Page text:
NASA is Going to Test 25 New Technologies in Upcoming Aircraft, Balloon and Sub-Orbital Rocket Flights

NASA’s Flight Opportunities program has selected 25 space technologies for further testing. They’re testing the technologies on aircraft, balloons, and sub-orbital rocket flights. NASA hopes to learn a lot about each of the technologies with this rigorous testing, without the expense of sending them all into orbital space.

This testing will subject each of the technologies—which includes everything from navigation technologies to astronaut health-monitoring—to the demands and rigor of space travel, without actually sending them into space. It’s an important step in the the development of these technologies before they’re included in any actual missions.

In January 2018, a Blue Origin New Shepard sub-orbital rocket carried nine Flight Opportunities technologies into sub-orbital space for testing. Image Credit: Blue Origin

“With vibrant and growing interest in exploration and commercial space across the country, our goal with these selections is to support innovators from industry and academia who are using rapid and affordable commercial opportunities to test their technologies in space,” said Christopher Baker, program executive for Flight Opportunities at NASA Headquarters in Washington. “These suborbital flights enable researchers to quickly and iteratively test technologies with the opportunity to make adjustments between flights. The ultimate goal is to change the pace of technology development and drastically shorten the time it takes to bring an idea from the lab to orbit or to the Moon.”

NASA call this program a bridge between laboratory testing and testing in Earth orbit and beyond. The technologies being tested fall under two fairly broad categorizations:

  • Topic 1: Supporting Sustainable Lunar Exploration and the Expansion of Economic Activity into Cislunar Space
  • Topic 2: Fostering the Commercialization of Low Earth Orbit and Utilization of Suborbital Space

The short name for this program is “Tech Flights.” NASA invited interested companies/organizations to apply to the Tech Flights program, and awardees were given a total of $10 million this year. Awardees will either receive the money as a grant, or as a part of a cost-sharing arrangement with NASA. From there, the awardees can select a flight-provider that meets the testing needs of their technology.

In 2011, one of the technologies in the Tech Flights program was an Autonomous Robotic Capture system. It was developing technology for the autonomous capture and servicing of satellites in geosynchronous and low Earth orbit, and potentially the capture/disposal of large orbital debris. Image Credit: NASA/Goddard Space Flight Center

The Tech Flights program is part of NASA’s Space Technology Mission Directorate, and has been operating since 2010. So far, over 200 technologies have been awarded funds for testing.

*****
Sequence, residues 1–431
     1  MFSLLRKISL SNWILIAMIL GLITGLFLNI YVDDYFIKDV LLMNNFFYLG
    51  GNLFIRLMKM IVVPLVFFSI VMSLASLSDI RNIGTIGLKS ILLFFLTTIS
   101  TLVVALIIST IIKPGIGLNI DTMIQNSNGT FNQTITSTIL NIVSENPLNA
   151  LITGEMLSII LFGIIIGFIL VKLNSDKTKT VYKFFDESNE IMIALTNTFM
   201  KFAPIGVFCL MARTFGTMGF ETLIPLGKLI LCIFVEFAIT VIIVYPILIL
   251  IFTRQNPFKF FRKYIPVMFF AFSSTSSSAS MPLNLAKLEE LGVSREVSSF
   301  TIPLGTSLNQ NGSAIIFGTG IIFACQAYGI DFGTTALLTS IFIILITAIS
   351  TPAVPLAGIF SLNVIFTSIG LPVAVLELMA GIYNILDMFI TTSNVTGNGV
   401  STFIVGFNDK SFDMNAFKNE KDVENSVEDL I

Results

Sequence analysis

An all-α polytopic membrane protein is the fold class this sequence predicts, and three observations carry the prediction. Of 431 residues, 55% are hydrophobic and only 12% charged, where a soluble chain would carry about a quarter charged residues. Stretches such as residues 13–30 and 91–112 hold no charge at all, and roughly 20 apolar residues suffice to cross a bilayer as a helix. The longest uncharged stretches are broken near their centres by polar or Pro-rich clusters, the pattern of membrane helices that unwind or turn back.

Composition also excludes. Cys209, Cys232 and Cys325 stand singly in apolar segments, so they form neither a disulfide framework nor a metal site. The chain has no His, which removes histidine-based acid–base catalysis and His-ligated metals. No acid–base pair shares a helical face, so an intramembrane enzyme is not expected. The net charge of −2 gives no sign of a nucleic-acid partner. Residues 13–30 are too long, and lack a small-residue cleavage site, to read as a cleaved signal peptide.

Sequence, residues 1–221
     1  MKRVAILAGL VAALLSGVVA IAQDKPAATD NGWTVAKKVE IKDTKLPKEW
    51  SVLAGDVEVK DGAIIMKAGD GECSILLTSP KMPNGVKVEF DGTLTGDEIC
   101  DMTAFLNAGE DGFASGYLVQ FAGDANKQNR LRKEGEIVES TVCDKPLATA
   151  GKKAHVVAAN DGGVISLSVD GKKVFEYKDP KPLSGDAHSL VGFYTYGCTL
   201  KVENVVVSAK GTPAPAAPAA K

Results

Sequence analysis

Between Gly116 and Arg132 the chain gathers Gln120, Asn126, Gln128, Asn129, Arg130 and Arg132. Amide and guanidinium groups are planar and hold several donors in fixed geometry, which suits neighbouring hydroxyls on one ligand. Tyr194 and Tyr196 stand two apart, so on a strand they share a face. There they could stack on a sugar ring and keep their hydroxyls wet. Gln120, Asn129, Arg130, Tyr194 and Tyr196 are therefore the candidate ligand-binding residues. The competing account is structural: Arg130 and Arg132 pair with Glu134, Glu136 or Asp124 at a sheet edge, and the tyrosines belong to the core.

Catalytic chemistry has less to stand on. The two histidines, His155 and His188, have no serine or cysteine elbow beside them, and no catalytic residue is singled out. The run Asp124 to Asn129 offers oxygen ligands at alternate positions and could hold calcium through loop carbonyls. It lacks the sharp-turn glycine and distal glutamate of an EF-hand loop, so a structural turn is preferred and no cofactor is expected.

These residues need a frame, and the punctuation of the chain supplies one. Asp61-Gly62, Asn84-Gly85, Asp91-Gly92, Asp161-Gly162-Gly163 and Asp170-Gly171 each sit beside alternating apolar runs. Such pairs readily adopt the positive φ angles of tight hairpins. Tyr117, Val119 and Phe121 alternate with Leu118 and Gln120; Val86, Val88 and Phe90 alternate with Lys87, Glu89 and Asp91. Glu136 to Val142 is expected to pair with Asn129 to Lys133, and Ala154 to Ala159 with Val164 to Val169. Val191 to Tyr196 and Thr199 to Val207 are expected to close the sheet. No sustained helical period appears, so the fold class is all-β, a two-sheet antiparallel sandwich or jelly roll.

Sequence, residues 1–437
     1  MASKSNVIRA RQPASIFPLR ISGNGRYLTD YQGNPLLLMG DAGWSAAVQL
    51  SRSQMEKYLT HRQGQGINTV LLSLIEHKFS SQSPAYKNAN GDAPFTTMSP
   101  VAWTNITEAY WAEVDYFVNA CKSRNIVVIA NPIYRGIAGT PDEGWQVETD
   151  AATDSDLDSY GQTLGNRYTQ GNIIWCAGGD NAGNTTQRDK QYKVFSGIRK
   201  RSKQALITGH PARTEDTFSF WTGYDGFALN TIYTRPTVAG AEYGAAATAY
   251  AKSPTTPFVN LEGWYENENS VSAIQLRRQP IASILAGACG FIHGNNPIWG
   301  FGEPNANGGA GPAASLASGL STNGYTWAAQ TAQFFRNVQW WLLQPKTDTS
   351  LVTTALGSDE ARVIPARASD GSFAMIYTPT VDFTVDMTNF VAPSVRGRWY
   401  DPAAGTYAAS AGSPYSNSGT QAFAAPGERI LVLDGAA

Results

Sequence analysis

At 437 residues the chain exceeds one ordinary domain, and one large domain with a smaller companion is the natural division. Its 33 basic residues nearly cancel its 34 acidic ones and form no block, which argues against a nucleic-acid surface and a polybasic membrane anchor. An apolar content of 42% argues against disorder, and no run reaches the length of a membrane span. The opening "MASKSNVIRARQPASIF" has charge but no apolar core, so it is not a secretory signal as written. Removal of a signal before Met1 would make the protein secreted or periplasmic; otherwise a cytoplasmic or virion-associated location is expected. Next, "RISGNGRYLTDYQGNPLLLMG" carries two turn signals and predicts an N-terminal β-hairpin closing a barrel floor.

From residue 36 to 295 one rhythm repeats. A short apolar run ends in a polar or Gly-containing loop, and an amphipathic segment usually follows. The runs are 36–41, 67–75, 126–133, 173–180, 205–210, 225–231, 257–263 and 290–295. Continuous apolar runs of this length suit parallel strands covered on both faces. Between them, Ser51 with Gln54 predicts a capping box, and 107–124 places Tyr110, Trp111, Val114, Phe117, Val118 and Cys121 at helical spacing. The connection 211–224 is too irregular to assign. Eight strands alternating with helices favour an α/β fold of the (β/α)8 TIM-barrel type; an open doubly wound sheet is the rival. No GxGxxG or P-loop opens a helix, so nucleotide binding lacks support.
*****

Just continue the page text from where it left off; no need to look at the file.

There’s an astounding variety of technologies among those 200. Everything from a vacuum-based sample collector that works in the vacuum of space, to robotic grippers based on geckos. From parts-per-billion trace gas detectors that can help find life on other planets and can be used in medical breath diagnosis, to radiation-tolerant computing technology for satellites.

This artist’s concept image shows how an inspection robot could stick to the outside of the ISS using a geckoinspired gripping system. Credit: NASA

The 25 chosen in this year’s program also feature a wide variety of space technologies. From large-scale solar arrays that fold up like origami during transport, to a system that can synthesize pharmaceuticals for astronauts on long-duration space missions.

The Moon will see a lot of visitors and activity in the near future. NASA’s Artemis Program aims to have astronauts there by 2024. They’re also planning on building the Lunar Gateway, which is not only a base for expanding the exploration of the Moon and its resources, but also for a future mission to Mars.

In 2017, the MOJO Micro-robot was one of the chosen technologies in the Tech Flights program. It was designed to traverse 3D structures like space habitats built in space. The MOJO Micro-robot was developed by MIT for construction and inspection of structures. Image Credit: MIT’s Center for Bits and Atoms

With all of that activity comes a need for better technology. There are a vast number of problems to be solved and technologies to be developed before human presence can be expanded beyond Earth orbit. In operation since 2010, and with over 200 technologies tested, the Flight Opportunities Program is playing an important role in space exploration.

The complete list of the 25 technologies chosen for Tech Flights is here.


Evan Gough

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